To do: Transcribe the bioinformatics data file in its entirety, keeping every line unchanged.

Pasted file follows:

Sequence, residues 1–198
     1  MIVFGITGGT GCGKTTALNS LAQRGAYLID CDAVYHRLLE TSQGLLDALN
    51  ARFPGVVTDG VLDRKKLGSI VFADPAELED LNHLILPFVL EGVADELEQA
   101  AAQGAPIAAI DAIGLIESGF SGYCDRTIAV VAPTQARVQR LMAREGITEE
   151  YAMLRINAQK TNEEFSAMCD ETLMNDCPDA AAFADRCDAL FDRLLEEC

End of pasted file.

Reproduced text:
Sequence, residues 1–198
     1  MIVFGITGGT GCGKTTALNS LAQRGAYLID CDAVYHRLLE TSQGLLDALN
    51  ARFPGVVTDG VLDRKKLGSI VFADPAELED LNHLILPFVL EGVADELEQA
   101  AAQGAPIAAI DAIGLIESGF SGYCDRTIAV VAPTQARVQR LMAREGITEE
   151  YAMLRINAQK TNEEFSAMCD ETLMNDCPDA AAFADRCDAL FDRLLEEC